COMP-90072作业代做、代写Python,c/c#编程设计作业、代做c/c++实验作业、…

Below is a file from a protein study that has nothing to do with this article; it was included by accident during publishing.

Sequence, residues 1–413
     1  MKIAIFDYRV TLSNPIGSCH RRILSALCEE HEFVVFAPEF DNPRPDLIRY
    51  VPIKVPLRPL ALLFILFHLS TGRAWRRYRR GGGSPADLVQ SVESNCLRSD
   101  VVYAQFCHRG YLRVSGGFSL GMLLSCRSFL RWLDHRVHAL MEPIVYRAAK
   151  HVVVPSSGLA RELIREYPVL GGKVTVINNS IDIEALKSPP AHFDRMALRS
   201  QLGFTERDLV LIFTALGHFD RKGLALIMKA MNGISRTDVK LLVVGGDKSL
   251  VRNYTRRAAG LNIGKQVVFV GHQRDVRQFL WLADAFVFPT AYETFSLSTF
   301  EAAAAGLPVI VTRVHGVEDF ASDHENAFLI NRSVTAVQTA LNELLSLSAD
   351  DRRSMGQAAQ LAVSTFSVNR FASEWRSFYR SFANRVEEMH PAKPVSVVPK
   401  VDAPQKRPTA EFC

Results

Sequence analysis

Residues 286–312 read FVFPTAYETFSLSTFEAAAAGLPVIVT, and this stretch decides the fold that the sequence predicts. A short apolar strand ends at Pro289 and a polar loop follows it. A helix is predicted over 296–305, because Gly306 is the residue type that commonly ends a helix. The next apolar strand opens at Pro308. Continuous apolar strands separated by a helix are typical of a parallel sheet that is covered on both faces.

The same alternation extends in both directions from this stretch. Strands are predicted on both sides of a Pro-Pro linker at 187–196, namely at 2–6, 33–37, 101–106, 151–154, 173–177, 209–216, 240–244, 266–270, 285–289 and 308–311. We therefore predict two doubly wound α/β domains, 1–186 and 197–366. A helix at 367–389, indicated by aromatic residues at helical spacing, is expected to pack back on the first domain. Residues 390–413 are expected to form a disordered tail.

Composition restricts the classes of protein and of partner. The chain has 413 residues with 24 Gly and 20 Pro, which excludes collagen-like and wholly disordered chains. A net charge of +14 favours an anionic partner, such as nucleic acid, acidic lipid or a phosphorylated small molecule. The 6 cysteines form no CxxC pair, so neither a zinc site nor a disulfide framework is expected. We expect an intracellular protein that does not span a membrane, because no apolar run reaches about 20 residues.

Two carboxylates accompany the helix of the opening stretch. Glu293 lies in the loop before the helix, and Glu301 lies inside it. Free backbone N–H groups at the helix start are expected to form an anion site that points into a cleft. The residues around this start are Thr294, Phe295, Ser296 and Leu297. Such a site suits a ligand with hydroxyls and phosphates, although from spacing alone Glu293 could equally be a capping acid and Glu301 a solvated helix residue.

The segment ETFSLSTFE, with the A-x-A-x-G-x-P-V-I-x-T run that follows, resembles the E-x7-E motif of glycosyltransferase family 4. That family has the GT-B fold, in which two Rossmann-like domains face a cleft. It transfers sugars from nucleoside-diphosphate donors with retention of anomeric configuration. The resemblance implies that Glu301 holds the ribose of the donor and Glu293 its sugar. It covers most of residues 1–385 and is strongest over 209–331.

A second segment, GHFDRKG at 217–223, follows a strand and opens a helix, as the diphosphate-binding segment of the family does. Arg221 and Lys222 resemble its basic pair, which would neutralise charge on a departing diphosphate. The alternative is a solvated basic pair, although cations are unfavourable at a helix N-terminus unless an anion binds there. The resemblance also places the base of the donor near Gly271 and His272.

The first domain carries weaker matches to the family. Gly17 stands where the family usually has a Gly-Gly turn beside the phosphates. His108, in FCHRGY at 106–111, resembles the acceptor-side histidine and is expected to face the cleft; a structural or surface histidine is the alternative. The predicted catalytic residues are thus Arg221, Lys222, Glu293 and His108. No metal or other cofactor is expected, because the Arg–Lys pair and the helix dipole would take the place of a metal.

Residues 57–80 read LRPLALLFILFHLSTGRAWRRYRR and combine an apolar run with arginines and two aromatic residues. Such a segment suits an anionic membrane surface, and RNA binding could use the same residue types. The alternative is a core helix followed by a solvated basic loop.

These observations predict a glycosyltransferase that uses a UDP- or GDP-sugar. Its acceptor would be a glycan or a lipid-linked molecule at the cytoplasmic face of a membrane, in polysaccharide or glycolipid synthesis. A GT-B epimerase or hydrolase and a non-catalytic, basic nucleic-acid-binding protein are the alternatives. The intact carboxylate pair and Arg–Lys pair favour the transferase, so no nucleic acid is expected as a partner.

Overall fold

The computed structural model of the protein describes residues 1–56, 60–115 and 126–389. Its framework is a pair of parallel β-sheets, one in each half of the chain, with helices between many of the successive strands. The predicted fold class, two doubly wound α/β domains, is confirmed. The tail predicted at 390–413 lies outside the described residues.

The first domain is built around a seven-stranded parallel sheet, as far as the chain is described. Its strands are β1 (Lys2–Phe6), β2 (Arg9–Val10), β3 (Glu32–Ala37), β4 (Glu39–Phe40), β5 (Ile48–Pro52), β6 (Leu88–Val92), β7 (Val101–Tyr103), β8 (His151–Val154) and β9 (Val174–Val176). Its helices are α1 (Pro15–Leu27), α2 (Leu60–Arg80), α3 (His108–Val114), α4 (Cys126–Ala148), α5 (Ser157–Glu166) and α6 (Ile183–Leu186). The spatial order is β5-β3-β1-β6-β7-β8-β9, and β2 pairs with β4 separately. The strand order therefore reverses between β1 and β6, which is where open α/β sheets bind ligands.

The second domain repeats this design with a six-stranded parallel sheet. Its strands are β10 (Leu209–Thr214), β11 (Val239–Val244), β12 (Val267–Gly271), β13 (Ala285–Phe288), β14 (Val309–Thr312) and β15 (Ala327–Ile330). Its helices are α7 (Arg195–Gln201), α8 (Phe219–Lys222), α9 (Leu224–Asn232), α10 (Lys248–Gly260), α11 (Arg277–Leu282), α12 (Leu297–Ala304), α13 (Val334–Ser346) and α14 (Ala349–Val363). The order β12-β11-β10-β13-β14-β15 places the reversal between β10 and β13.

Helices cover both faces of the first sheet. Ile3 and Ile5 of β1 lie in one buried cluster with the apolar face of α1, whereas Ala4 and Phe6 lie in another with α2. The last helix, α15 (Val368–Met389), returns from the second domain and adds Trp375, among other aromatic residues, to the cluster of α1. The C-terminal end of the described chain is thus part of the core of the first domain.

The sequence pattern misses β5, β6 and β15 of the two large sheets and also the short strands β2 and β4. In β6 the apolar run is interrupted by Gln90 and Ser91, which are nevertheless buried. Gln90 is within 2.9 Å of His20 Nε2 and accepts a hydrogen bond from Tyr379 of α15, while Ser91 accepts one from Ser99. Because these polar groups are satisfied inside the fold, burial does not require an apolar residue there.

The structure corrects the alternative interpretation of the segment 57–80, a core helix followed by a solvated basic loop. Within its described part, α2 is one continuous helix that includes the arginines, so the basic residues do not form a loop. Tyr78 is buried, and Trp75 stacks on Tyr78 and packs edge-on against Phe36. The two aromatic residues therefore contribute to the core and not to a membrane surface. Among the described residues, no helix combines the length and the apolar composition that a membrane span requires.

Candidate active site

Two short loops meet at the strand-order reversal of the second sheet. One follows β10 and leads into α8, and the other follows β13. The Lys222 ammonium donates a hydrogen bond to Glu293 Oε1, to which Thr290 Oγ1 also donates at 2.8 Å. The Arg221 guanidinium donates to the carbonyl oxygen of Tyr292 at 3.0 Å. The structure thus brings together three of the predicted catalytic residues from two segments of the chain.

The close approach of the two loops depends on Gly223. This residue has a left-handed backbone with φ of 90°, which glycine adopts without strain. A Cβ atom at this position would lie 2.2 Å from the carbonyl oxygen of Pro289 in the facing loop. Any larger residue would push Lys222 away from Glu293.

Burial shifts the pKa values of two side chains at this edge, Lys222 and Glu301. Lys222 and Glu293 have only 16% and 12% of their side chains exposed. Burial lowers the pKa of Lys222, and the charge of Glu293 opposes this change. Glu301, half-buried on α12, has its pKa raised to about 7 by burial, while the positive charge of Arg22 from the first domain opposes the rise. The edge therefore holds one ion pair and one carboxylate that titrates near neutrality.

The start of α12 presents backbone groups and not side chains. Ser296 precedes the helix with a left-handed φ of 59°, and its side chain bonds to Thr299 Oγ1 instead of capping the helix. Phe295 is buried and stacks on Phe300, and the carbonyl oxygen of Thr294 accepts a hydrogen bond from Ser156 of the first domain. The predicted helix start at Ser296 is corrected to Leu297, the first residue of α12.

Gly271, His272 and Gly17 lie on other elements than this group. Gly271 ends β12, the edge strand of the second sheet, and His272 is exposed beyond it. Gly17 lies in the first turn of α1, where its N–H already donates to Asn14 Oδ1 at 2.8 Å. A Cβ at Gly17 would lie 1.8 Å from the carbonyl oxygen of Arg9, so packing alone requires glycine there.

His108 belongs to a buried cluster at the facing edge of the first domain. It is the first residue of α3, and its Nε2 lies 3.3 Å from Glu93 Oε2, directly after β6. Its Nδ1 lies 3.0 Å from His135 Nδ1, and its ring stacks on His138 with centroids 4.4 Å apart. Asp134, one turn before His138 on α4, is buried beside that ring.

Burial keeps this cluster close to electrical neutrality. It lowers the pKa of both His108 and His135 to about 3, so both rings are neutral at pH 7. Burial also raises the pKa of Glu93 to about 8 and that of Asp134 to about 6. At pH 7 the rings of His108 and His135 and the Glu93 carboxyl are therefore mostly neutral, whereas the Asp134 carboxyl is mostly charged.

Project guideThe Art of Scientific Computing:Complex Systems ProjectSubject Handbook code:COMP-90072Faculty of ScienceThe University of MelbourneSemester 1, 2019Subject co-ordinator: A/Prof. Roger RassoolContents1 Project 21.1 Software . . . . . . . . . . . . . . . . . . . . . . . . . . . . . . . . . . . . . . . . . . . . . . . . . . 21.2 Computational elements . . . . . . . . . . . . . . . . . . . . . . . . . . . . . . . . . . . . . . . . . 21.3 Progression plan . . . . . . . . . . . . . . . . . . . . . . . . . . . . . . . . . . . . . . . . . . . . . 22 Introduction 32.1 Learning outcomes . . . . . . . . . . . . . . . . . . . . . . . . . . . . . . . . . . . . . . . . . . . . 43 Sandpiles and statistics 43.1 The Bak-Tang-Wiesenfeld model . . . . . . . . . . . . . . . . . . . . . . . . . . . . . . . . . . . . 43.2 The abelian property of sandpiles . . . . . . . . . . . . . . . . . . . . . . . . . . . . . . . . . . . . 63.3 Practical statistics . . . . . . . . . . . . . . . . . . . . . . . . . . . . . . . . . . . . . . . . . . . . 83.4 Characteristic functions . . . . . . . . . . . . . . . . . . . . . . . . . . . . . . . . . . . . . . . . . 104 Get coding 104.1 Setting up the sandpile . . . . . . . . . . . . . . . . . . . . . . . . . . . . . . . . . . . . . . . . . . 114.2 Playing with the model . . . . . . . . . . . . . . . . . . . . . . . . . . . . . . . . . . . . . . . . . 115 Extensions 125.1 Extension: earthquake models . . . . . . . . . . . . . . . . . . . . . . . . . . . . . . . . . . . . . . 125.2 Extension: lattice gas automata . . . . . . . . . . . . . . . . . . . . . . . . . . . . . . . . . . . . . 136 Assessment tasks 156.1 Tasks for your mid-semester report . . . . . . . . . . . . . . . . . . . . . . . . . . . . . . . . . . . 156.2 Tasks for your final report . . . . . . . . . . . . . . . . . . . . . . . . . . . . . . . . . . . . . . . . 157 Further reading 1611 ProjectThis project will acquaint students with some of the computational elements at play in somenumerical simulations. To flesh out some interesting statistics (here, interesting means nonGaussian),this project begins with a simple sandpile model, in which very large avalanchescan occur more often than our usual statistical models would predict. The project will combinesimulations like these, conducted on a physical grid, and summarise the results as a series ofstatistical averages, which will then be analyses in kind. Students will then pursue their ownextension topic, applying lessons in programming, numerical statistics and critical behaviourto answer a question that simply cannot be handled with pen-and-paper mathematics alone.1.1 SoftwareThe purpose of this computational project is to understand some of the coding architecturebehind statistics-based simulations. To that end, we don’t want to obfuscate the functionaldetails of our sandpile programs but we don’t want to write random number generators fromscratch either. We’d like to avoid some high-level languages like Matlab or Mathematica, butcalling libraries within other languages is fine. We advise that you use one of: Python C or C# Fortran1.2 Computational elementsTo complete the project, the following numerical techniques are required: Random number generation and Monte Carlo methods. Data collection and organisation. Numerical integration of probability density functions.1.3 Progression planThis project consists of 4 steps that should be completed in order. The last of these stepsshould occupy about half of your semester’s work.1. Using a computer language of your choice, write a program that produces an N ×N arraywhich stores integer numbers, and a routine that can manipulate the sites in this arraygiven an address (i, j).2. Investigate ways to generate (pseudo-)random numbers, and apply what you learn to asandpile model with grains added to randowm sites. Add an option to your code whichdrops grains with a Gaussian probability distribution (co-centred on the sand pile).3. Write a toppling routine that searches through your sandpile appropriately and initiatesavalanches when necessary. Include to this routine (or to another place in your program)something that calculates the necessary statistics of an avalanche from start to finish(avalanche lifetime, avalanche size and so on).4. Based on your independent research, find an extension project of your own (or ask yourdemonstrator for ideas!). It must address a problem to which no closed-form answer exists,and you should follow your scientific curiousity down any avenues that open up. Try tostick to problems that can be modeled with an array, using random number generation, canbe analysed with (non-Gaussian) statistics, and exhibits some form of critical behaviour.22 IntroductionIntuitively, we like to think that catastrophic events have equally catastrophic causes. In physicsterms, we might postulate some unusual circumstances that perturb the energy of the systemproportionally to the resulting catastrophe. An easy example to think about is the extinctionof the dinosaurs – it was a very large and high-energy meteorite that impacted the Earth andset off a catastrophic chain of events. Or in more recent times, we might look to the GreatDepression, traced back to the Wall Street crash in October 1929. There are many examplesof big events with big causes, but we should not be led to believe that this is the only way dramaticchange can occur. Often we will be interested in large dissipative systems, usually withmany interconnected components. In systems like this, frequently we will find that system-levelchange hinges on the drop of pin or, as we will see in this prac, on a single grain of sand.The laws of physics are well defined and absolute. A naive physicist might end the storythere. Just write down the Hamiltonian or Lagrangian and you’re set! Unfortunately, forsystems with huge numbers of degrees of freedom and many interacting components, the equationsof motion become computationally intractable. Solving for the exact dynamics mighttake longer than the human race has left on earth. As a result, we need heuristic theories thatallow us to study the dynamics of complex systems. One such theory is that of self-organisingcriticality.Self-organising criticality was first proposed in 1987 by Bak, Tang and Wiesenfeld. Thetheory states that a large and complex system with short range interactions naturally evolvesinto a critical state. What does this mean? Well there are different definitions, but to put itsimply, a small perturbation to an element of a system in a critical state will result in a responsethat can affect any number of elements in the system. To put it simply-er, the same mechanismthat leads to a minor response can also lead to a catastrophic response. For a system to‘naturally evolve’ into this state, it must have some slow driving mechanism, and a means ofdissipation. For example, the Earth’s crust consists of tectonic plates, slowly moving againsteach other. The microscopic components can be thought of as rigid particles, each subject tostraining force. In this case the shearing movement of tectonic plates drives the system. Whenthe strain on one particle exceeds a critical value, the particle ‘slips’ and transfers the strain toits neighbouring particles. Depending on the state of the surrounding particles, this dissipationof energy could result in further particles slipping. This process, as one might imagine, canbecome extremely large (as in an earthquake) or may just involve a single event that slightlylowers the energy of the system.Since we cannot study exact system dynamics, we must rely on statistical approaches to getan insight into what is happening. In driven, critical systems like the ones we will be studying,catastrophic events are often not distributed, in a probabilistic sense, as we might expect. Toreally get a handle on what is happening we will need to enter the world of non-equilibriumstatistical mechanics – goodbye nice, normal distributions, and hello power law behaviour andscale-free networks. Non-equilibrium statistics underlie how we think about systems that displayself-oragnising criticality. In terms of the theory itself, one important thing to understandis the sense in which it is holistic. When a system is critical, microscopic mechanisms (local increasesin stress, for example) are not responsible for the macroscopic observables of the system(think earthquake size, duration, area etc). In particular the proportions of large and smallevents do not depend on the exact microscopic details of what is happening (where exactly localstress increases occur, for example). Consequentially, one cannot analyse the ‘inner workings’of a system at the smallest scale, and from there try to explain the effects occurring on a largerscale. In plain language, it is vain to hope that detailed understanding of a part of the systemwill translate into system-level understanding.3Self-oragnising criticality as a framework has been used to study an extraordinarily diverserange of systems. It has been used to characterise, analyse and predict earthquakes, financialmarkets, evolution and extinction events, pulsar glitches, neuronal behaviour and much more.2.1 Learning outcomes1. An introduction to phenomenological/heuristic modelling in the study of complex systems.2. Build, from the bottom-up, a physical simulation. Part of this involves being technicallyadept (being able to write a reasonably-optimised computer program and collect the datathat arises), and part of this involves being physically astute – recognising which physicalvariables are important and which ones are not. In turn, this speaks to the ability todecide what makes this kind of model ‘good’ or ‘bad’, or at least effective or ineffective.3. Introduce (broadly) the study of non-equilibrium statistical mechanics and specifically thenon-Gaussian statistics that underlie much of it.4. Introduce the idea of self-ordered criticality and 1/f noise, and through this, the appealof universality in dynamical systems.5. Invite students to study some specific areas of science, like granular flow or the mechanismsthat underlie earthquakes.6. Introduce some practical sampling techniques such as Monte Carlo methods and ergodicmeasurements.7. Introduce students to interdisciplinary thinking. By this, we mean being able to start offwith a mathematically-abstracted model of sandpiles and understand that with a changeof perspective it can be used to think about something like earthquakes too.8. Introduce some basic data science skills, like finding relevant data in the public domain,scraping this data from the web and manipulating it into a form that can be read by acomputer program, and then to analysing the modelled data with reference to the empiricaldata.9. Finally, although this prac can be completed in any coding language, it lends itself to ascripting language, so it is a good chance for students to use Matlab or learn Python.3 Sandpiles and statistics3.1 The Bak-Tang-Wiesenfeld modelWhen modelling a complex system, it is often impossible to create mathematical formalismthat is both sufficiently realistic and computationally or theoretically tractable. As a result,researchers must come up with simple models that capture the important elements of the physicalsystem in question. If a model is suitable, it is sometimes possible to extrapolate findingsto inform about various observables pertaining to the original physical system. For systemsexhibiting self-oragnising criticality, there exists a deceptively simple paradigm: the sandpile.There are a number of different styles of sandpile, but all share the fact that their dynamicsare governed by a set of very simple rules. The model we will be focusing on is called theBak-Tang-Wiesenfield model. It is composed of discrete time indices and finite-state cellularautomata.Consider a table surface, discretised into a N × N grid. At each site (i, j) on the table, anumber is assigned z(i, j, t) corresponding to the number of grains of sand present any given4time. Imagine initially the table is empty such that z(i, j, 0) = 0. At each timestep, a grain ofsand is added to a random site δ(i, j) such that the state Z(t) of the table at any given time canbe described as Z(t) = PtP(i,j)z(i, j, 0) + δ(i, j). The sandpile will continue to grow on thetable until it reaches a critical value, marking the instability of a particular site. In this case,if any site reaches or exceeds z(i, j, t) = 4, the pile will topple, losing four grains of sand, anddistributing them to its nearest neighbours. This process is called an avalanche, the propertiesof which will be the study of this lab. Because we are setting four grains as the instabilitythreshold, we say that the critical parameter is 4. The toppling operation is described below:z(i, j, t) = z(i, j, t) ? 4 (3.1)z(i ± 1, j, t) = z(i ± 1, j, t) + 1 (3.2)z(i, j ± 1, t) = z(i, j ± 1, t) + 1. (3.3)It is possible that a toppling operation will occur on the boundaries of the table, i.e., wheni ∈ (0, N) and/or j ∈ (0, N). In this case, the sand that would topple to a site off the table issimply deleted from the system.Question 1: Why is it important for the table to have finite boundaries? If we were droppingthe sand in a non-random way, how would this answer change?The system is allowed to evolve until the slow driving mechanism of adding sand is balancedby the dissipation mechanism of avalanching and sand falling off the table. That is, we let thesystem run until we reach statistically stationary state.Question 2: Explain the difference between a statistically stationary state, and an equilibriumstate. Is the sandpile in equilibrium? In terms of system observables, how might we characterisethis state?Avalanches are then recorded and statistics are built up about the distributions of theirvarious observables. To quantify an avalanche event, there are four main observables:1. The avalanche size S. This quantity is measured by how many grains of sand are displacedin a single avalanche event.2. The avalanche lifetime T. This is the number of timesteps it takes for an avalanche torelax the system to a critical state.3. Avalanche area A. The number of unique sites toppled in a given avalanche. (A 6= S).4. Avalanche radius R. This can be measured in a number of ways, but it is essentially ameasure of the distance from the original toppling site that the avalanche reaches. Forthe sake of consistency, we will define this as the maximum number of sites away from theinitial site the avalanche reaches.An example avalanche is shown in the figure below. The avalanche in question can becharacterised by the observables S = 16, T = 4, A = 4 and R = 2.Figure 1: An avalanche in progress.Question 3: Is there a difference between sampling a system over time and sampling an ensembleof systems? If so, under what circumstances? You might like to think about the ergodichypothesis here…53.2 The abelian property of sandpilesAs you might expect, the patterns and states that result from the Bak-Tang-Wiesenfield modeldon’t replicate the same dynamics of a read sandpile. There is a great deal more physics goingon in the real world analogue, and consequently the predictions of the model are quite different.This is an important point – the mathematical sandpile is inherently different to the physicalone. One of the main properties that makes the mathematical sandpile model so convenient towork with when studying self-oragnising criticality is its Abelian property. Consider a sandpilein the configurations in Figure (2). The sandpile undergoes an avalanche, and at the next timestep, there are two unstable sites. The question of which order should we topple the sites inis handled by the Abelian property: it doesn’t matter. In this example, it is easy to see bytesting the two cases manually, that the resulting configuration is the same regardless of whichsite is toppled first. However the situation can become non-trivial when toppling one site mightinduce further instabilities in the system that wouldn’t occur for the other site were it toppledfirst. This can be particularly challenging when trying to track the avalanche temporally aswell. Thus the aim of this section is to prove the Abelian property of the Bak-Tang Wiesenfieldsandpile model, and introduce some of the mathematical formalisms underlying it. From abroader perspective, this should demonstrate an example of the way that mathematical formalismcan still be helpful in the study of complex systems, even if our usual differential equationsare too complicated.Figure 2: An avalanche in progress which raises questions about abelian cascades.To start, let’s take some of the ideas presented in the previous section and represent themmore formally. Our ‘table’ is now represented by the object V , which is a finite subset of Zd,where d is the dimension of our model. For any site x, we introduce a configuration functionη(x) that maps η(x) : V → N, i.e., extracts the number of grains of sand at the position xon the table. The configuration η itself is therefore a subset of NV. Now, a configuration ηcan be either stable or unstable, depending on the size of any given η(x) in V at a given time.As you might expect, a stable configuration corresponds to a table with no elements greaterthan a critical parameter k, and an unstable configuration corresponds to that with at least onevalue η(x) ≥ k. To formally write this, we need to introduce the concept of the toppling matrix.The toppling matrix Vx,yis an operator that stabilises an unstable site x by distributingits elements to neighbouring sites. It takes two values, corresponding to two sites x, y ∈ V andupdates according to the height configuration of V .The toppling matrix must satisfy the following conditions:�6Question 4: For each matrix toppling condition, explain its significance and justify its necessity.The actual definition of the toppling matrix is given by:1. If x ∈ V then Vx,x = 2d.2. If x and y are nearest neighbours then Vx,y = 1.3. Otherwise, Vx,y = 0.Note that by this definition, our critical parameter k is equal to 2d, where d is the dimensionof the sandpile.Question 5: Explain and justify each equation in the definition of the toppling matrix.Now that we have a rigorous and general definition for the toppling matrix, we can definethe toppling operator Tx , which maps a configuration η ∈ NVto a new configuration η�Essentially, it chooses a site x ∈ V and alters it and its surroundings based on the value η(x),and the proximity of each site in V . Formally, this can be written as:�Question 6: Show that Tx commutes for unstable configurations.The above exercise is the first step in showing that this sandpile model is in fact abelian,and if avalanches were restricted to a single branching process, we would be done! However anavalanche begins on an unstable configuration and ends on a stable one, with the possibility ofmany topplings in between. For convenience, we introduce the set ?V to represent all stableheight configurations. Therefore, the toppling transformation T is the set of operations thatmaps an unstable configuration to a stable one:T : NV → V (3.9)Naturally, this can take multiple iterations of topplings. For example, the toppling transformationin Figure (1) would be given byηt=4 = Tηt=0 = T(2,3)T(1,3)T(1,2)T(2,2)ηt=0. (3.10)The general toppling transformation can be represented aswhere N is the number of instabilities throughout an avalanche. There are important points tobe made here. N must not be infinite, or the system can never again reach its self-organisingcritical state. This indicates the importance of boundary conditions, namely that there mustexist dissipative sites, such as those on the edges that remove sand from the system.Now that we have the underlying mathematical formalisms and basic theoretical work downpacked, the proof that the sand pile is indeed abelian is left as an exercise and test of understanding!Question 7: Prove that no matter which order we choose to perform the toppling events in,we will always topple the same sites the same number of times during an avalanche (and thusobtain the same final configuration).7The above question should be approached in the following way. Suppose that a certainconfiguration η has more than one unstable site. In that situation, the order of the topplings isnot fixed. Clearly, if we only topple site x and site y , the order of these two topplings doesn’tmatter and both orders yield the same result. (In the physics literature, this is often presentedas a proof that T is well defined.) But clearly, more is needed to guarantee this. The problemis that toppling x first, say, could possibly lead to a new unstable site z, which would neverhave become unstable if y had been toppled first.3.3 Practical statisticsIn this section we will give the physicist’s take on the important differences between differentprobability distribution functions, and then we will focus on power law distributions to talkabout scale free behaviour, rare events and 1/f noise. The probability distribution function(pdf) of a random variable quantifies the likelihood that a particular sample of the randomvariable will return a value within a given range. If x is the random variable, then its pdf p(x)is defined so that p(x) dx equals the probability that the returned x value lies between x andx+dx. Normalisation guarantees that the integral of the pdf over the whole domain of x is unity.The following exercises will invite you to work with this definition, and give you an idea ofthe use and abuse of probability in the world of finance, where practitioners often fail to accountproperly for the chance of catastrophic events. The data in these exercises was obtained fromWolfram Alpha (www.wolframalpha.com) and Index Fund Advisors (www.ifa.com).Question 8: Let’s assume that you buy into an S&P 500 index fund for a certain amount ofmoney. In some circumstances it is appropriate to assume that your return on investment ina month’s time will be normally distributed. Assume that the monthly returns for the last fiftyyears are independently distributed and have followed a normal distribution with mean 0.87%and standard deviation 4.33%. What is the pdf of expected percentage returns? What is thevariance? Assuming that I invested $10,000, what is the chance that I have more than $10,300a month later? What’s the chance that I have between $9000 and $10,000 now, a month later?Assume that in January 2009 the S&P lost roughly 11%. Under these assumptions, what’s thechance that we have another month that is as bad or worse than this? In February 2009 theS&P lost another 11%. Given the assumed independence, multiply through the probabilities toestimate the likelihood that we had two straight months as bad as they were. Convert this toa ‘We expect this bad luck once every n month pairs’ frequency statement. When we think ofother stock market crashes that have also occurred, clearly something is lost when we assumethat losses are uncorrelated in the mathematical models.Question 9: Using the same numbers as above, write a short computer program to work outwhat happens to the monthly returns after x months, answering the following questions. Youshould be thinking about histograms and Monte Carlo methods. What is the pdf of expectedreturn on a $10,000 investment after 2 years? Just the plot is fine here. Compare this with thepdf for 1 month returns. Assuming that I invested $10,000, what is the chance that I have morethan $10,300 two years later? What’s the chance that I have between $9000 and $10,000 now,two years later? From October 2007 and through to February 2009 (so 17 months) the S&Plost 52% in aggregate. Use your program to estimate the probability of this happening. Finally,if you bought into the S&P fund in March 2009, the return on investment after 9 months wouldhave been a positive 53%. Assuming only Gaussian influences at work, what is the likelihood ofthis? Convert your answers into rough (because the time periods are not exactly a year) ‘oncein a … years’ statements. Note how the Monte Carlo approach is handy here – if we wanted toanswer these kind of questions analytically, we would need to be thinking about Markov chainsand Brownian motion, and end up having to solve Chapman-Kolmogorov-esque equations. NB:You don’t need to include your code from this section – just explain what you did.8We find Gaussian or normal statistics intuitive because it’s pretty common for us to seestuff in the world around us that is clustered symmetrically around a mean value, and thatis exponentially suppressed the further away we get from that mean value. Because of thisubiquity, and because of their nice analytic properties, Gaussian distributions are a seductivefirst-pass when we come to model many situations.As you should have seen, with rare events, often this facile assumption doesn’t cut it. Wherethings go pear-shaped is usually in the tails of the distribution – the extreme events are inreality more common than the naive assumptions predict. One way to correct for this is to usea distribution with fatter tails, maybe a Cauchy distribution. We could also assume that atsome point in the the Gaussian distribution changes to a power law. Both of these correctionstake into account the relatively increased likelihood of extreme events. To see this, let’s imaginetwo different pdfs with mean 0 and variance aHere we have to take μ > 3 to get a sensible variance.Question 10: By writing another Monte Carlo program or by brute forcing the maths, plot thepdfs and then answer the following questions. Let y be the number of times we have to drawfrom the distribution before we get an a result greater than or equal to Y . For different valuesof Y expressed in terms of a sensible a value, give the resulting pdf, pY (y). In terms of thestandard deviation a in the normal distribution, how far into the tail of the power law p(x) dowe need to sample before we know that the probability of more extreme x values is less than5%? How does this compare to the 95% confidence level in the normal distribution? If youassumed that power laws more accurately modelled rare events in financial markets, how wouldthis knowledge affect your assessment of risk?As we can see, the power law has fatter tails, in the sense that you will sample very largemagnitude events much more frequently than you would if they were governed by a Gaussiandistribution. The main thing to understand about power laws is that they are the distributionwhere you can say that smaller (larger) events are more likely than larger (smaller) events, ina very straight-forward and specific sense, and that this relative likelihood is preserved as youmove through the spectrum, or as you ‘stretch’ or scale the statistics. Let’s take p(x) = ax?kso that x is the number of sites toppled in our sand pile model. What happens if we take x tocx, so we redefine an avalanche to occur over say c = 2 two sites? Nothing really, the relativestatistics are just shifted by a constant factor:�In fact, this is one way that we can get a feel for power law behaviour in the real world – ifwe see something with scaling statistics (like earthquakes!) we know that there is a power lawhiding somewhere. Equally, if we’re looking at financial time series and we see similar behaviourat different timescales, we should be wary of jumping straight into assumptions about normaldistributions. A lot of these ideas are formalised in mathematics, physics and computer sciencein the systematic study of scale-free networks.9Finally, we come to the raison detre of self-organising criticality – a unifying explanation ofso-called ‘1/f noise’. 1/f noise is a bit of an umbrella term for phenomena which are distributedaccording to a power law with exponent ?1. These phenomena typically depend heavily onthe past history in the system, and are therefore predictable in some sense, but are nonethelesssubject to chance and random fluctuations. From the 1960’s onwards, 1/f noise has been studiedfairly intensively, first in the context of metals and material science, and then in differentbiological and evolutionary contexts too. Because it was appearing in a lot of different places,it was and is tempting to think that there was some underlying pattern of events that just haddifferent physical expressions – in a philosophical sense, that there was some unifying frameworkthat could be used to explain disparate events. Sometimes you will see this temptationreferred to in the study of dynamical systems as ‘universality’ – the idea being that there’s aclass of systems that have broadly similar properties, independent of the detailed dynamics.Lest you think this is a wishy-washy proposition, it’s this kind of thinking that underlies andis formalised in studies of renormalisation and phase change (where you can compare waterboiling to iron magnetising, for example).The Bak-Tang-Weisenfeld model was proposed to provide an easy-to-understand and universaltemplate for phenomenon that could give rise to 1/f noise. Subsequent work has shown thatyou can map, in a precise and mathematically formal sense, systems which demonstrate 1/fnoise onto the sandpile model. Depending on your opinion of mathematical pre-eminence inthe world, we could say that self-oragnising critical systems demonstrate 1/f noise, or we couldsay that systems demonstrate 1/f noise because they are self-oragnising in some sense. As youstudy more physics, you might start to notice that this kind of mapping-onto-what-we-knowapproach is taken quite a bit – like for example with the Ising model in statistical physics.Question 11: Research and briefly describe the appearance of 1/f noise in a particular context– for example in nerve cells or oxide films.3.4 Characteristic functions? Describe the concept of this: f(k) = R +∞?∞ xkp(x) dx. Apply it to a Gaussian pdf and toa power-law pdf (which perhaps is Gaussian for small-ish x). Talk about how to generateany of these numerically from data.4 Get codingThe project will occur in three parts (plus an extension if you’re interested/time permitting).The first is setting up a computational model of the original Bak-Tang-Wiesenfeld sandpile,which was initially used to explain the self-oragnised-criticality exhibiting phenomenon ‘1/fnoise’. This initial part will essentially reproduce results from the paper P. Bak, C. Tang, K.Wiesenfeld, ‘Self Ordered Criticality’, PRA July 1988, while familiarising you with the model.The second part will involve playing with certain components of the model in order to changethe parameters it predicts, primarily the exponents of the power law distributions. Some of thesteps we undertake will increase the correspondence between our toy model and ‘real’ sandpile– it will be important to analyse the key differences.The final section is where you will cast your net more widely. 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